|This article needs additional citations for verification. (March 2011)|
Degenerate music (German: Entartete Musik) was a label applied in the 1930s by the Nazi government in Germany to certain forms of music that it considered to be harmful or decadent. The Nazi government's concern for degenerate music was a part of its larger and more well-known campaign against degenerate art ('Entartete Kunst'). In both cases, the government attempted to isolate, discredit, discourage, or ban the works.
The Nazi government considered several types of music to be degenerate, for several different reasons. Any music that was opposed to the Nazi regime by virtue of its content or the political views of its composers and performers was considered degenerate. This included works by Jewish and Jewish-origin composers (such as Felix Mendelssohn, Arnold Schoenberg, Franz Schreker, Walter Braunfels, Erich Wolfgang Korngold, Kurt Weill, Gustav Mahler, David Nowakowsky and Berthold Goldschmidt); works that featured Jewish or African characters (such as those by Ernst Krenek); or works by composers of Marxist persuasion (e.g., Hanns Eisler). It also applied to artists that had shown sympathy for opponents of the Nazi Regime (such as Anton Webern, who had maintained a friendship with Schoenberg during his exile from Germany). Modernist music, such as works by Paul Hindemith, Alban Berg, Schoenberg, and Webern, was also considered degenerate. Modernist music was judged to be inferior to previous classical music, and it therefore offended the Nazis' sense of progress and civilization in general—and in particular their loyalty to Germany's many great classical composers. In addition, one might speculate that Modernist music's abandonment of traditional structure and form presented a threat, albeit immaterial, to the culture of order and control that fascist regimes such as the Nazi party both developed and relied on.[original research?] Finally, jazz music was considered degenerate because of its roots in and association with the African-American culture.
However, it promoted the works of German composers, especially those of Richard Wagner who was also much admired by Adolf Hitler as well as many others. Especial favourites were Rienzi and the Ring cycle with all its links to German mythology. Military marches were highly approved, and widely used as in the films of Leni Riefenstahl such as Triumph of the Will.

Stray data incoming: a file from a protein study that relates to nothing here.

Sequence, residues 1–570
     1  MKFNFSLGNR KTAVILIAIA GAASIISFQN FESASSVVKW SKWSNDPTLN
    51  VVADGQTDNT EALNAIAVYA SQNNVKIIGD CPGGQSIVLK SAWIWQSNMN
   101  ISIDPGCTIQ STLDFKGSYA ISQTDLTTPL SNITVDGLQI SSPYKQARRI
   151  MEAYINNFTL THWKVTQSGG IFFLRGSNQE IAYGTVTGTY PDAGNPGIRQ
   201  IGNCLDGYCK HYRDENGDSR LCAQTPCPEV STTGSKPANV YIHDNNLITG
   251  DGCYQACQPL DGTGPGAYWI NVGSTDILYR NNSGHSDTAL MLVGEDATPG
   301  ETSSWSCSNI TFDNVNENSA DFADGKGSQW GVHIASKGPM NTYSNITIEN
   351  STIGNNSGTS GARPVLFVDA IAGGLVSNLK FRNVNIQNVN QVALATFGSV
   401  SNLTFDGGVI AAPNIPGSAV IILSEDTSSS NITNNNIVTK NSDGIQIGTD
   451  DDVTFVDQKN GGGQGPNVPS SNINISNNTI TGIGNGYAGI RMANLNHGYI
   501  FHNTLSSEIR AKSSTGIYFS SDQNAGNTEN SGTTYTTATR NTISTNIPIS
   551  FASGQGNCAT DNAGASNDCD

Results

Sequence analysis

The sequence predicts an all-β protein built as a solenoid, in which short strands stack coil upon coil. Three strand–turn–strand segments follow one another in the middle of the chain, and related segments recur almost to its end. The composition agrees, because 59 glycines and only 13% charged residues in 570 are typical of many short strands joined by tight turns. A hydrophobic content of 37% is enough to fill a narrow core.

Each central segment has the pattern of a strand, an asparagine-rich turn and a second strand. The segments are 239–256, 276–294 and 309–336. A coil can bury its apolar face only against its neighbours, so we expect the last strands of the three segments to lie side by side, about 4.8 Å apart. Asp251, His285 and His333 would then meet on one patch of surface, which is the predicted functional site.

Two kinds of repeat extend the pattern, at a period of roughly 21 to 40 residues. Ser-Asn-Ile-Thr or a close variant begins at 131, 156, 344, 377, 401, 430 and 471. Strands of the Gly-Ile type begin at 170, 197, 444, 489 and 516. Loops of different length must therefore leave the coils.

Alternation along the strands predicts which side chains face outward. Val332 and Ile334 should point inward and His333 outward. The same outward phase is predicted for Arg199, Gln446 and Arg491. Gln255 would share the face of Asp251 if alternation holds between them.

From the Nazi seizure of power onward, these composers found it increasingly difficult, and often impossible, to get work or have their music performed. Many went into exile (e.g., Schoenberg, Weill, Hindemith, Goldschmidt); or retreated into 'internal exile' (e.g., Karl Amadeus Hartmann, Boris Blacher); or ended up in the concentration camps (e.g., Viktor Ullmann, or Erwin Schulhoff).
Some works which were later enthusiastically adopted by the Nazi regime, such as the hugely popular Carmina Burana by Carl Orff (1937), were initially described as degenerate by local music critics.
Like degenerate art, examples of degenerate music were displayed in public exhibits in Germany beginning in 1938. One of the first of these was organized in Düsseldorf by Hans Severus Ziegler, at the time superintendent of the Weimar National Theatre, who explained in an opening speech that the decay of music was "due to the influence of Judaism and capitalism". Ziegler's exhibit was organized into seven sections, devoted to (1) the influence of Judaism, (2) Schoenberg, (3) Kurt Weill and Ernst Krenek, (4) "Minor Bolsheviks" (Schreker, Berg, Ernst Toch, etc.), (5) Leo Kestenberg, director of musical education before 1933, (6) Hindemith's operas and oratorios, and (7) Igor Stravinsky (anon. 1938, 629).
From the mid-1990s the Decca Record Company released a series of recordings under the title 'Entartete Musik: Music Suppressed by the Third Reich', covering lesser-known works by several of the above-named composers.
- Anon. 1938. "Musical Notes from Abroad". Musical Times 79, no. 1146 (August): 629–30.